54. Escape From the Farm!

It’s now the 4th day into my farming adventure.  I did not get out of bed to go up another tree.  I couldn’t help but notice there was a lot of commotion round about the place.  I decided to get up if for nothing else then to see what was happening.

To summarize; an older man, a Punjabi gentleman also did not get out of bed to go to the trees this morning.  It would seem it wasn’t by choice though.  The coroner had just arrived in the community to collect him; not an all together unfamiliar scene here apparently, at least according to the talk I was catching.

His personal belongings were soon collected by some authoritative figure at the camp.  This man had lived in a different ‘residence’ than I, so I didn’t actually see everything but of course word travelled fast and I was amazed when I heard about this man’s stash.

A wooden box had been retrieved from under his bed.  Apparently the elder man was indeed old fashioned and having no use for modern ways, never used a bank.  There must’ve been years of cash, his pay I guess, stuffed neatly away in that box.  

I remember hoping the right thing would be done and the money sent off to his next of kin, if indeed they could be found.  I was 22 years of age and I knew full-well that I didn’t want to leave this farm like that so …   

Escape from the farm!   I found the guys I’d came in with and thanked them for helping me get this job.  I confessed I was not cut out for this and it was my time to leave; must return to my original path, the one in the city.  

They offered to drive me to the Greyhound bus station and gratefully I accepted the lift.  It was nice to have a few dollars in my pocket:  I bought a ticket and was on my way.

Lalit offered a cheerful smile when I walked into his front door of the hotel.  It also felt good to pay my rent 2 weeks (total of $14) in advance.  

A nice hot shower was in order and that night I slept very well in my own space.  



53. A Farming I Will Go …and Freeze My Butt Off!

I agreed to go out and around with them the next day.  We went in their car to meet up with some of their friends -the rest of the Indian gang lol- we went all around the city.  

We ended up at another hotel where I saw many more young Indian fellows -I hadn’t really realized there was a good number of Indians already living here in California.  It was a nice sociable second day and I was beginning to feel more comfortable with my surroundings.

Third day.  Three young men, friends of Shekhar and Ramesh, came out from Marysville and from Yuba City to join us.  What better way to get acquainted than over a nice meal and so we went to have an early lunch at a Chinese restaurant.  

Now that my new acquaintances were up to speed on my situation, they invited me to go out for the week and earn some money with them.  One of them offered, “You come with us and we’ll help you get a job where we work.  At the very least you’ll have an income.”

Another agreeably stated, “Yes do come out to the fruit farms and work with us.  We tend to the trees there.”  Okay I thought, why not?  I was a gambler of sorts anyhow and always was willing to take a chance.  

Besides I liked the idea of an income almost immediately after landing in California and along with it, try out a new experience.  The third chap said, “Yes and do keep your room here in the city, we’ll be back of course.”

The next morning came awfully early as it always seems to do.  I packed a few items and left my key with Lalit at the front desk.  Four of us piled into their car and began the drive out of the city, well beyond the outskirts of San Francisco by at least a couple of hours.  

I remember looking out the window a lot and whatever I saw seemed to be sparse and boundless.

We arrived in the early afternoon at a peach farm.  From what I could see it appeared the majority of the farm hands were Indians and I quickly learned that most of them were from Fiji.  

These guys were hard workers I was told; already familiar with their duties having come from farming backgrounds in the islands.  It looked like they all worked well together.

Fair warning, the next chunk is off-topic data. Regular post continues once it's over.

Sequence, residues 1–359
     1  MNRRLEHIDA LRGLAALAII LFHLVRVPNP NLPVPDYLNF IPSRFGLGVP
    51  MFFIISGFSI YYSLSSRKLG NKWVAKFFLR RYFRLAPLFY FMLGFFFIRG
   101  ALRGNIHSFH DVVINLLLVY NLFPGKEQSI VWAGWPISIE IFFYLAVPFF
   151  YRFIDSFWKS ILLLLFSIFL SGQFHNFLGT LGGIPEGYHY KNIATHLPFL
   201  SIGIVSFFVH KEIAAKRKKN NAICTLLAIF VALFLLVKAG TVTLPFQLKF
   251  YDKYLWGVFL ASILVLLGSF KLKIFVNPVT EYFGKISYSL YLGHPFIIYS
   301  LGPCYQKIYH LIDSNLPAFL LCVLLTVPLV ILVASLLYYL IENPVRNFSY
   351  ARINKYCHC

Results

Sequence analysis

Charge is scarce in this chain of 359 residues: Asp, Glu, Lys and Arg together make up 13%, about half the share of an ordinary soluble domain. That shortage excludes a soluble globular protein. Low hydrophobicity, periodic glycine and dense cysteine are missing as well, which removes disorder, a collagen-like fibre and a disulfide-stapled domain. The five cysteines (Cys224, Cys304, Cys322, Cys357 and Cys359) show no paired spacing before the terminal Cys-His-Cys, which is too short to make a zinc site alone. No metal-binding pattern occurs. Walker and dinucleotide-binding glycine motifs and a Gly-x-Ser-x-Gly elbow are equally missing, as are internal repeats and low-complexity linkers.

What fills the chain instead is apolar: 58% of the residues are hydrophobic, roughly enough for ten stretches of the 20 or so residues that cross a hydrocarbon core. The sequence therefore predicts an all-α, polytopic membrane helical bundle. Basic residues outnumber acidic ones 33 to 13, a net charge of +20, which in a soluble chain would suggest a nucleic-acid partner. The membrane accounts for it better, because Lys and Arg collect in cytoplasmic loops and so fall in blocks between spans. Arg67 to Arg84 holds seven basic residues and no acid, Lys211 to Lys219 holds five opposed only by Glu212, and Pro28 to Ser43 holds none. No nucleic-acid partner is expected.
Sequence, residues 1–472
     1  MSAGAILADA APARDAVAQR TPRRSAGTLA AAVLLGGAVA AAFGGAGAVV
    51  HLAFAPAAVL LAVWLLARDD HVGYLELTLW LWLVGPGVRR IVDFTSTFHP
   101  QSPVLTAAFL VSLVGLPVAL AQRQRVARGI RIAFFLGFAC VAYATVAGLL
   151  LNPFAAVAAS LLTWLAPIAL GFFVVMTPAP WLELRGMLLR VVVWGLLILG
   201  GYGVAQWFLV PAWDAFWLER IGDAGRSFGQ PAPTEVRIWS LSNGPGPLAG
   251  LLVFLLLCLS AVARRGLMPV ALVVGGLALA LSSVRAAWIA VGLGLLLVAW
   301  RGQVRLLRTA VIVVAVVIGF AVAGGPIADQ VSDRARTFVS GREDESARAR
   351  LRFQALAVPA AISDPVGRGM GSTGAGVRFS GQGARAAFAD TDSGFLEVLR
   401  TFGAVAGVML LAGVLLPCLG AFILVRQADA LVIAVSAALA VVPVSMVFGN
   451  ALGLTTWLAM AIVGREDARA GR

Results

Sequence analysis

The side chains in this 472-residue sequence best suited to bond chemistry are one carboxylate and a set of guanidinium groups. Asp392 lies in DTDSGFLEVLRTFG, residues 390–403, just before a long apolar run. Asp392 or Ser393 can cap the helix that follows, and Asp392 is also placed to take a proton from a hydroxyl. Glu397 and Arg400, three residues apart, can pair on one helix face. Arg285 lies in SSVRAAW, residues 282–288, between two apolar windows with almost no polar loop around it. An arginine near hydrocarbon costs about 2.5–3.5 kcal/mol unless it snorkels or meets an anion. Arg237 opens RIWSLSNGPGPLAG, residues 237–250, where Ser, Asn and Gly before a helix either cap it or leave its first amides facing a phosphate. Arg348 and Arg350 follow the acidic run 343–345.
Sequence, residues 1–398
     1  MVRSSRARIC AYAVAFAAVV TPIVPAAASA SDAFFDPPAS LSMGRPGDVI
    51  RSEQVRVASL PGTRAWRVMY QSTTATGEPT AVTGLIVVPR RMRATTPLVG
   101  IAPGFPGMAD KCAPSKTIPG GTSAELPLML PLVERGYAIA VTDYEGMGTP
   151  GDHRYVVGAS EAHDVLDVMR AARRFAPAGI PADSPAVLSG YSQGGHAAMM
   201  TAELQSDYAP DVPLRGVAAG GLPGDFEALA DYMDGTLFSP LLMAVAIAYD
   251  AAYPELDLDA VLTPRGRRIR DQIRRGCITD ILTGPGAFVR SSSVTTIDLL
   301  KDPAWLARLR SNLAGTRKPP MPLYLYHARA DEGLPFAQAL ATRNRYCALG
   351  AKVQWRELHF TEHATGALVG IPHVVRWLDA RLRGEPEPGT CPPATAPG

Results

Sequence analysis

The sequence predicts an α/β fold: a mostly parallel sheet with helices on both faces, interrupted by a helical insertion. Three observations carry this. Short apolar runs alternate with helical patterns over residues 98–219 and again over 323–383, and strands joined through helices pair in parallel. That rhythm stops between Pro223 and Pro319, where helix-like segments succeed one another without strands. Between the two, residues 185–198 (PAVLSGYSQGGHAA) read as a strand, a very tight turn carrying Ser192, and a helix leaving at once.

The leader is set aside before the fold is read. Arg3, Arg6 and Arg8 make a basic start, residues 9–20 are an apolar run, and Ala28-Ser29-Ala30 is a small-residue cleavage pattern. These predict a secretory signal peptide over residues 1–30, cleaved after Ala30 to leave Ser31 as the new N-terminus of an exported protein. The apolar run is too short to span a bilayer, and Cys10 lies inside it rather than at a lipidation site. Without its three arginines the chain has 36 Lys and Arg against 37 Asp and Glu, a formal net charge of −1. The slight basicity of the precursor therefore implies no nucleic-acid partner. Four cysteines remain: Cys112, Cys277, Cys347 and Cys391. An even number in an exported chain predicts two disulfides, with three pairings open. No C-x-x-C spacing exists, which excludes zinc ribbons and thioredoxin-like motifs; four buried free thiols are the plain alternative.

One of the guys in the car told me, as new men from Fiji arrived into this part of California, somehow they’d find each other and make their way out here.  These are the guys who weren’t well educated enough to come here and land big-time careers yet here we were all given the chance to get a little cash flow.  

Perhaps there were 2-300 workers all around the area.  Here’s where I take a chance and try something new.  I was assured by one of the guys, “Don’t worry Blue, you’ll be shown by the foreman exactly what to do and we’ll most likely be nearby you anyway.”  

Everything there was set up as a permanent camp of sorts.  To be sure the workers wouldn’t feel deprived of life’s daily needs, a sort of mobile bank, postal services, personal necessities vendor and girls, yes that too, came into the camp on various days of the week.  There was always medical attention on-staff too.  

Well there’s no time like the present to get earning that paycheck.  Of course I was hired on the spot and then shown around the camp briefly, starting with the off-duty accommodations.   

Within each camp or barrack there were about 10 single beds with an individual night table beside it for personal storage.  There were fresh pillows and blankets laid upon each one and thankfully these rooms were kept very warm.  

The pay offered was $1.00 per hour and days were basically 12 hour days, seven days a week.  I noticed there was quite a few Punjabi Indians there working alongside the handful of assorted other Indians and a small number of other nationalities.  

Next morning is my full day; there’s white frost on the ground everywhere, it’s just inside dawn and bitterly cold.  We wear beanies on our heads.  Big ladders are leaning up against the large trees.  

After being instructed one-time by the foreman as to how they wanted us new guys to prune the peach tree, I’m off to work on my own.  I stayed close to the guys I had come there with just incase I had questions or needed help.  

Though I thought it would never come, noontime finally arrived and with it came the very welcomed meal truck sounding his horn.  We stop to rest a little and eat some hot lunch; the menu consisted of roti, pumpkin curry and hot tea.  Thank goodness!

But you know, the same curry meal after meal got old very fast and a few of us guys together decided something had to be done.  I am not sure how we actually succeeded but we managed to drum-out the cook, replacing him with a non-Punjabi Indian cook; one from my Suva no less.  

Understand this, the Punjabi cook was an all right fellow mind you, great tea and the pumpkin curry was nice, the 1st time, but the same old thing every meal? and the rotis were just too thick to be enjoyed.  I know they wanted to fill our stomachs but come on!